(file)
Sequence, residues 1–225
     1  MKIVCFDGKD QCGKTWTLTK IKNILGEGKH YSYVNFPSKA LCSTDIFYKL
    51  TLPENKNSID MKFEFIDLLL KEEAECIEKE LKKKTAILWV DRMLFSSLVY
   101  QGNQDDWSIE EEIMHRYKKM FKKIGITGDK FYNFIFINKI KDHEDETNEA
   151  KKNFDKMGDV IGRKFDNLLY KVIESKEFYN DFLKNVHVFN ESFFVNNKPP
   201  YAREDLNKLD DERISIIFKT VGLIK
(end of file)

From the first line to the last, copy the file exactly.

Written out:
Sequence, residues 1–225
     1  MKIVCFDGKD QCGKTWTLTK IKNILGEGKH YSYVNFPSKA LCSTDIFYKL
    51  TLPENKNSID MKFEFIDLLL KEEAECIEKE LKKKTAILWV DRMLFSSLVY
   101  QGNQDDWSIE EEIMHRYKKM FKKIGITGDK FYNFIFINKI KDHEDETNEA
   151  KKNFDKMGDV IGRKFDNLLY KVIESKEFYN DFLKNVHVFN ESFFVNNKPP
   201  YAREDLNKLD DERISIIFKT VGLIK